By Adam Hoffman
Empathy can be painful.
Or so suggests a growing body of neuroscientific research.
When we witness suffering and distress in others, our natural tendency to empathize can bring us vicarious pain.
Is there a better way of approaching distress in other people? A recent study, published in the journal Cerebral Cortex, suggests that we can better cope with others' negative emotions by strengthening our own compassion skills, which the researchers define as “feeling concern for another's suffering and desiring to enhance that individual's welfare.”
“Empathy is really important for understanding others' emotions very deeply, but there is a downside of empathy when it comes to the suffering of others,” says Olga Klimecki, a researcher at the Max Planck Institute for Human Cognitive and Brain Sciences in Germany and the lead author of the study. “When we share the suffering of others too much, our negative emotions increase. It carries the danger of an emotional burnout.”
The research team sent study participants to a one-day loving-kindness meditation class, which utilized techniques and philosophies from Eastern contemplative traditions. Participants, none of whom had prior meditation experience, practiced extending feelings of warmth and care toward themselves, a close person, a neutral person, a person in difficulty, and complete strangers, as a way of developing their compassion skills.
Both before and after the training, participants were shown videos of people in distress (e.g., crying after their home was flooded). Following exposure to each video, the researchers measured the subjects' emotional responses through a survey. Their brain activity was also recorded using an fMRI machine, a device that tracks real-time blood-flow in the brain, thereby enabling the scientists to see what brain areas were active in response to viewing the videos.
They found that the compassion training led participants to experience significantly more positive emotion when viewing the distressing videos. In other words, they seemed better able to cope with distress than they did before the training -- and they coped better than a control group that did not receive the compassion training.
“Through compassion training, we can increase our resilience and approach stressful situations with more positive affect,” says Klimecki.
The positive emotional approach was accompanied by a change in brain activation pattern: Before the training, participants showed activity in an “empathic” network associated with pain perception and unpleasantness; after the training, activity shifted to a “compassionate” network that has been associated with love and affiliation.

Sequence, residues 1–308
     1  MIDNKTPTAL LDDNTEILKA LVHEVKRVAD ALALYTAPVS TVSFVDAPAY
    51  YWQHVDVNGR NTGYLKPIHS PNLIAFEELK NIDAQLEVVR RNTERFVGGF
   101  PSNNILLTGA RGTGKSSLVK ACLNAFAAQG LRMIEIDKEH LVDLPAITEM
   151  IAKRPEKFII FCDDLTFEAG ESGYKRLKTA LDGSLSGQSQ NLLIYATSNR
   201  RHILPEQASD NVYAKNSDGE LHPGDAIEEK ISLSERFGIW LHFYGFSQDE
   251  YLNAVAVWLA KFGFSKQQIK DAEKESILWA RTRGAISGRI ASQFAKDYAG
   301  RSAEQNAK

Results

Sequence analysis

Their new brain-activation patterns more closely resembled those of an “expert” who had meditated every day on compassion for more than 35 years, whose brain was scanned by the researchers to provide a point of comparison. This result suggests that the training brought about fundamental changes in the ways their brains processed distressing scenes, strengthening the parts that try to alleviate suffering -- an example of neuroplasticity, when the brain physically evolves in response to experience.
Negative emotions did not disappear after the loving-kindness training; it's just that the participants were less likely to feel distressed themselves. According to Klimecki and her colleagues, this suggests that the training allowed participants to stay in touch with the negative emotion from a calmer mindset. “Compassion is a good antidote,” says Klimecki. “It allows us to connect to others' suffering, without being too distressed.”
The main takeaway is that we can shape our own emotional reactions, and can alter the way we feel and respond to certain situations. In other words, says Klimecki, “Our emotions are not set in stone.”
So is taking a compassion course like the one offered through this study the only way to build compassion? Not necessarily. Research suggests you can cultivate a compassionate mindset through encouraging cooperation, practicing mindfulness, refraining from placing blame on others, acting against inequality, and being receptive to others' feelings without adopting those feelings as your own.
This article originally appeared on Greater Good, published by the Greater Good Science Center at UC Berkeley. For more, please visit www.greatergood.berkeley.edu.
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